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Judaism and Pesach (Passover).

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Introduction

R.E. Coursework Assignment: Judaism and Pesach (Passover). Part A: The Jewish festival of Pesach (Passover) commemorates the freedom and independence of Jews from Egyptian slavery which is best described in the Exodus. This is the liberation of the Jewish community from over two hundred years of Egyptian repression and is the remembrance of the mass exodus of Jews from Egypt. It also serves as a reminder of Jewish oppression over the years from different tyrants such as Hitler and the Egyptian pharaoh. This festival pays homage to Moses who led his people free from the subjugation in which the Egyptian pharaoh had put the Jewish people under. Festivals like these give Jews hope for the future and massacres such as the holocaust strengthens the faith of many Jews. Pesach begins on the 15th day of the Jewish month of Nissan. It is the first of the three major festivals with both historical and agricultural significance (the other two are Shavu'ot and Sukkot). Agriculturally, it represents the beginning of the harvest season in Israel, but little attention is paid to this aspect of the holiday. The primary observances of Pesach are related to the Exodus from Egypt after generations of slavery. The name "Pesach" comes from the Hebrew root Peh-Samech-Chet, meaning to pass through, to pass over, to exempt or to spare. It refers to the fact that God "passed over" the houses of the Jews when he was slaying the firstborn of Egypt. In English, the holiday is known as Passover. "Pesach" is also the name of the sacrificial offering (a lamb) that was made in the Temple on this holiday. The festival of Pesach began with the story of freedom of the Jews from the hands of the Egyptians (The exodus; the Book of Exodus is the second book of the Old Testament and of the Pentateuch) Pesach is celebrated in the spring period which symbolises new beginnings, freedom, independence and the creation of the Jewish state. ...read more.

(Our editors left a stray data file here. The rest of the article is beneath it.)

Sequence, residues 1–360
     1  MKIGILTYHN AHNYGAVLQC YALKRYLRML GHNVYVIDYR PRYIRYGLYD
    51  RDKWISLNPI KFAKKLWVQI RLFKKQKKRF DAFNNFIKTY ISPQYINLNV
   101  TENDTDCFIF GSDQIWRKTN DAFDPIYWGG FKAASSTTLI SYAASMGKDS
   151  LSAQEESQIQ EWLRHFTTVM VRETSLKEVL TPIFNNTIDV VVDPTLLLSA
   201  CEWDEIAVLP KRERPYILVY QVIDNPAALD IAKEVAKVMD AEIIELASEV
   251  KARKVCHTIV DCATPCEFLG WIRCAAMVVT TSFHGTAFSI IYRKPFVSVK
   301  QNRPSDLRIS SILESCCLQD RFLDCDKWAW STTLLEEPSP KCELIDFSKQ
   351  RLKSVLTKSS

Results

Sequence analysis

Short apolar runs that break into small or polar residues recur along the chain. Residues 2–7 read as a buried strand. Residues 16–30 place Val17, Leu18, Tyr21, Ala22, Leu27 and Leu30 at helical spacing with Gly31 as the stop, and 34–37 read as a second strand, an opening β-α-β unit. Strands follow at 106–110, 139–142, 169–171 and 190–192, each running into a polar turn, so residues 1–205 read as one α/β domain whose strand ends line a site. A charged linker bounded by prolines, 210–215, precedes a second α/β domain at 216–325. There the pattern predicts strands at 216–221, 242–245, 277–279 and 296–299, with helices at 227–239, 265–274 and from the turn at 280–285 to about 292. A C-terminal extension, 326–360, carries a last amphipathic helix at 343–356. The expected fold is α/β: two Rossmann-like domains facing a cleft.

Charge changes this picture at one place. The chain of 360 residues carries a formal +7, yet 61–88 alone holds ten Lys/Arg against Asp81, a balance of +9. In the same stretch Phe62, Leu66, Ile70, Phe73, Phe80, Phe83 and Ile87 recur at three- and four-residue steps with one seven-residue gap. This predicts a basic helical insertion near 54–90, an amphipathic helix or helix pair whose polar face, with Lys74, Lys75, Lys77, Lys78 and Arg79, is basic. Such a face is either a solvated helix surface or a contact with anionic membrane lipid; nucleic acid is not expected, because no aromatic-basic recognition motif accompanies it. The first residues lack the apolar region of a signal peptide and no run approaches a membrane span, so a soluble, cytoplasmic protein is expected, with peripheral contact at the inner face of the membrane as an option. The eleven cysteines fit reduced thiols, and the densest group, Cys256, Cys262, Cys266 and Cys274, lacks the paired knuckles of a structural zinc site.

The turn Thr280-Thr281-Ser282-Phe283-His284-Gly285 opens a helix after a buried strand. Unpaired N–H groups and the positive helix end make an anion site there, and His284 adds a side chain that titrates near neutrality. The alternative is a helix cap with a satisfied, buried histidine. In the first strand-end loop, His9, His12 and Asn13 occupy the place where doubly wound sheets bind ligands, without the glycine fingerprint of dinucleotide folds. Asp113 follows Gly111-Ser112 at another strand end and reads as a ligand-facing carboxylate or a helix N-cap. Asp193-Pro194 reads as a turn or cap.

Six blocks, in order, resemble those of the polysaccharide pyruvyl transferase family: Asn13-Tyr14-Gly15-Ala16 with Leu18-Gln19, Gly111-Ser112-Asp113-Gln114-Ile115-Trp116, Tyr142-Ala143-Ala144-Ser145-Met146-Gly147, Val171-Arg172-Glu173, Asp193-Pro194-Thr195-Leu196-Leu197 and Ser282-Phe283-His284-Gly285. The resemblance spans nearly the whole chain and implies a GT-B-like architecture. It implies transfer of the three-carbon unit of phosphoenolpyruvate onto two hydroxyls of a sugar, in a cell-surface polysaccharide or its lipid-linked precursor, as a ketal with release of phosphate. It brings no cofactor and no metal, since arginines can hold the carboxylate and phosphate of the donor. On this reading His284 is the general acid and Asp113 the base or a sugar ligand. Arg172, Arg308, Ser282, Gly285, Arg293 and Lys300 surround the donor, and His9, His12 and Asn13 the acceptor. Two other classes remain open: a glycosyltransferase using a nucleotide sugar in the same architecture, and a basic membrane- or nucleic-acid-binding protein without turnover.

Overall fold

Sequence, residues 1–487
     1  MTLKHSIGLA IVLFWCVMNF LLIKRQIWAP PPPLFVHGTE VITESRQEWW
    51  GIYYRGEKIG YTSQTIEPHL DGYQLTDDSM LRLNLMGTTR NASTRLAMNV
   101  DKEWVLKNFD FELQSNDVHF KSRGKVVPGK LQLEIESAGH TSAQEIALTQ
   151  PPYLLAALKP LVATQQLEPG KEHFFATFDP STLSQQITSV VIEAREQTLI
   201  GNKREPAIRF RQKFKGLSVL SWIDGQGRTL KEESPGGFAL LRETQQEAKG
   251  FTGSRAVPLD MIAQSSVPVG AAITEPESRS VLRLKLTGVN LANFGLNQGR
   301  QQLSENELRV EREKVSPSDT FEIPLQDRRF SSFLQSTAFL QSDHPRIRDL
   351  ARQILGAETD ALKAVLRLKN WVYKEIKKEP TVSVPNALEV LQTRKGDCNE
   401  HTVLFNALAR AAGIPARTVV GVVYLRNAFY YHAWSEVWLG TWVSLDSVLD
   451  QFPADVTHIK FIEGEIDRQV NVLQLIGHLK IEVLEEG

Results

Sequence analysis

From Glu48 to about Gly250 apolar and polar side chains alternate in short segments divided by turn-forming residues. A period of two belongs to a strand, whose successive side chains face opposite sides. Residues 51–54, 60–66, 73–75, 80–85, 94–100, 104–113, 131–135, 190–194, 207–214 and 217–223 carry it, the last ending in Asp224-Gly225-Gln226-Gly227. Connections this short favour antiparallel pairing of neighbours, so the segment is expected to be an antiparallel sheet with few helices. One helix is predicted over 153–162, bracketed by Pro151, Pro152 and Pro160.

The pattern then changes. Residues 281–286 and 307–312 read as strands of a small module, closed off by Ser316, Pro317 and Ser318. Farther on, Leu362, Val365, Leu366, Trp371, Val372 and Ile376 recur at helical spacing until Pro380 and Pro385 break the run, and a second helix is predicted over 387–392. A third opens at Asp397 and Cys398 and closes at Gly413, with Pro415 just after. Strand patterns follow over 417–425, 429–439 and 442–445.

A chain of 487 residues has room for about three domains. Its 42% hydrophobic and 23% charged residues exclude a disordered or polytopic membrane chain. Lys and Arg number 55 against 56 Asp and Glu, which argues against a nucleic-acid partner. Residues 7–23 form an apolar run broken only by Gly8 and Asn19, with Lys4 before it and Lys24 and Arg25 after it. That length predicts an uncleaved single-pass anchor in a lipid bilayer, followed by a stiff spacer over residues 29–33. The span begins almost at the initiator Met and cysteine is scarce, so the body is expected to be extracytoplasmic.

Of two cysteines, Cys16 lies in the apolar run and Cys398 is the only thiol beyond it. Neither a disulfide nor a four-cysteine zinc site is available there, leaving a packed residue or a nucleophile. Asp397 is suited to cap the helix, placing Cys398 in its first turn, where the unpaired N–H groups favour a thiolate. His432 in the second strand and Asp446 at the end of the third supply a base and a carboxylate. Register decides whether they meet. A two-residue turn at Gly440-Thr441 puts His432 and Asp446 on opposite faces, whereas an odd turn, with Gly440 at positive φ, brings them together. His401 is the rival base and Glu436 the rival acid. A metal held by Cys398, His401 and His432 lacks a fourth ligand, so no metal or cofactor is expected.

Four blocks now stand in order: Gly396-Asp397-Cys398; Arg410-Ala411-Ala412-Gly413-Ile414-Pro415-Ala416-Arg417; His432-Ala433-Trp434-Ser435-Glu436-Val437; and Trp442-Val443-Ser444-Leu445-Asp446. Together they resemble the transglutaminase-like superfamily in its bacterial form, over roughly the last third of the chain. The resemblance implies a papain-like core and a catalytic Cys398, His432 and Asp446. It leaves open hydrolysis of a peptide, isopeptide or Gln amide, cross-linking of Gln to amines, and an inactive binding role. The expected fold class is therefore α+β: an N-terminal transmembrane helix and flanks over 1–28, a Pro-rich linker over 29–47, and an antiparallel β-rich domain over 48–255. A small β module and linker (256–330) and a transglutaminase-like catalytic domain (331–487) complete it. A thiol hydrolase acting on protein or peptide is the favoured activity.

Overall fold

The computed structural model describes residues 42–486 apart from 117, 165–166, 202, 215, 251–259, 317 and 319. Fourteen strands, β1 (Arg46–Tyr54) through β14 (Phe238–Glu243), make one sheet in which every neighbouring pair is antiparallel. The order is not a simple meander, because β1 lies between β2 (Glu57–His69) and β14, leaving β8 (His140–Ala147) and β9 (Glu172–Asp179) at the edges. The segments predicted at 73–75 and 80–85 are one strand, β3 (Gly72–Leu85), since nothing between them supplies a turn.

Middle